Faith in the performer is key in a film like Documentary Footage (1968) where a woman, nude, first reads out a set of questions related to physical characteristics and records them on tape. Then she goes on to respond to the playback in real time, the entire film unfolds in one uninterrupted take. Performatism, an aesthetic trait of Conceptual art, previously alluded to in the context of Standard Gauge, once again takes centre stage in Documentary Footage

Critique of composition, physical concreteness, and aesthetic autonomy- all hallmarks of Minimalism and Structural film, by literalism and performatism, are present throughout Fisher’s oeuvre. Compositional attributes common to experimental films like superimposition, flicker, montage, and abstraction do not appear in Fisher’s films. Another important feature of these films is a non-hierarchicalisation of different units of composition and hence a refusal to subscribe to established power relations inherent in industrial productions. 

In () (2003), Fisher constructed a film by arranging inserts from mainstream productions according to a rule that is withheld from the audience. Inserts are emancipated from their usual position of subservience to narrative and whatever new narrative can be conjured by the rule-driven arrangement of individual inserts is purely a function of chance, and is a testament to film’s inherent capacity to temporalize a sequence of images. The film is in part, Fisher’s expression of admiration for poet and playwright Raymond Roussel’s rule-based writings that went well beyond what literary imagination, even the most fertile kind, could conjure.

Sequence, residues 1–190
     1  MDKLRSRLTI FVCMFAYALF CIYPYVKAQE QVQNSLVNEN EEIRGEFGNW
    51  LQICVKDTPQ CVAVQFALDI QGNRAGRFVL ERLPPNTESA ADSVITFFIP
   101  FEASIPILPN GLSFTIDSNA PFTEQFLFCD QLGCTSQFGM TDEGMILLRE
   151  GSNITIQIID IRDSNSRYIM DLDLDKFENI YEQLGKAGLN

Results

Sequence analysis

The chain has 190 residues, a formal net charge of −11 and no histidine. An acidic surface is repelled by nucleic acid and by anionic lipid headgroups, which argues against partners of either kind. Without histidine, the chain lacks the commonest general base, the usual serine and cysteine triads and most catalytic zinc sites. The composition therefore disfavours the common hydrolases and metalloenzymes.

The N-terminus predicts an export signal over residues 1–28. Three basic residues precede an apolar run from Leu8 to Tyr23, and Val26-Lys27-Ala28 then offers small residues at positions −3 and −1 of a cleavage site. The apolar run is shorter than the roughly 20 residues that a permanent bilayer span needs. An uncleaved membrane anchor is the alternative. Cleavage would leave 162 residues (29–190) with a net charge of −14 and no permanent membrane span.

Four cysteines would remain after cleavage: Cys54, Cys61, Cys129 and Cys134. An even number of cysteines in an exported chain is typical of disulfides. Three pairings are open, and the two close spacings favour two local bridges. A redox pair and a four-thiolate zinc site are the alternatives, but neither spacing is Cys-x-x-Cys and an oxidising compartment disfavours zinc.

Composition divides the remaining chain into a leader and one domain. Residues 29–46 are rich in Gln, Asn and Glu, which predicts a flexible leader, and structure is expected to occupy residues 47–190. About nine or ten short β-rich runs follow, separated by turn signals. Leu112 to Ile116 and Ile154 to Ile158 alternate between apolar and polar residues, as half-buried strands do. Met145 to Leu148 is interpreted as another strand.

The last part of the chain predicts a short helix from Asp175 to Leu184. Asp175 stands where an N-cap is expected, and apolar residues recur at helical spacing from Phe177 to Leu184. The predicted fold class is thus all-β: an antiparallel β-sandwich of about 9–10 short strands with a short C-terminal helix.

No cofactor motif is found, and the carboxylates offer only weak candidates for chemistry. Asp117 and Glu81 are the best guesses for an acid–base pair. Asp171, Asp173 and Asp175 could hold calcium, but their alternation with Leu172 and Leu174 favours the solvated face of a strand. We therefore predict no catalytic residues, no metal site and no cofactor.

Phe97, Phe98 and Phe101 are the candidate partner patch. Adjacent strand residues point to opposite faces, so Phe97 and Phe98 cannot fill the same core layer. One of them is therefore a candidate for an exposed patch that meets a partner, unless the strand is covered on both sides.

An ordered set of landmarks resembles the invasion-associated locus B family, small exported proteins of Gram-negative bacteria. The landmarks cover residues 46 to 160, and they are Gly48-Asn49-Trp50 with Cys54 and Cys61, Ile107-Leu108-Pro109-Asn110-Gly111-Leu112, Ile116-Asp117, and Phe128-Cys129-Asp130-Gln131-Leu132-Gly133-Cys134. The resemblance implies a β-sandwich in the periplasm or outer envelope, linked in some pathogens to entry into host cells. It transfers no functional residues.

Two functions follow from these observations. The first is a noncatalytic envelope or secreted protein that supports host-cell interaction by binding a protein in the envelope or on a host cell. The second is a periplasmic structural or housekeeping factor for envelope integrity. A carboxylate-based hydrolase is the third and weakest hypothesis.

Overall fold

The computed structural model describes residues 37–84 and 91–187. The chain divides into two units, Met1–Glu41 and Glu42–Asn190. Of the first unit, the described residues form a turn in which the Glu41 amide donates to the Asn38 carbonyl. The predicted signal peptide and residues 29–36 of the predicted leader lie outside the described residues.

Production Skills

Revealing the camouflaged aspects of production (and not just material) entails the destruction of film’s autonomy as a medium. The foregrounding of the entire process of production requires a secondary recording medium, either still photography or a second motion picture camera. This is done in Standard Gauge, where 16mm film is used to comment on 35mm film; Production Stills (1970), where one roll of Polaroids comment on the making of a 16mm film; and Production Footage (1971), where one 16mm camera records the process of making of a film using another 16mm camera. Using one roll of motion picture film for one shot to set the duration of the film, or using all of the eight exposures available in a pack of Polaroid film also establishes a relationship with Marcel Duchamp’s Readymades, further explicating how Fisher’s films undertake a similar critique of Structural film as Conceptual art did of Minimalism.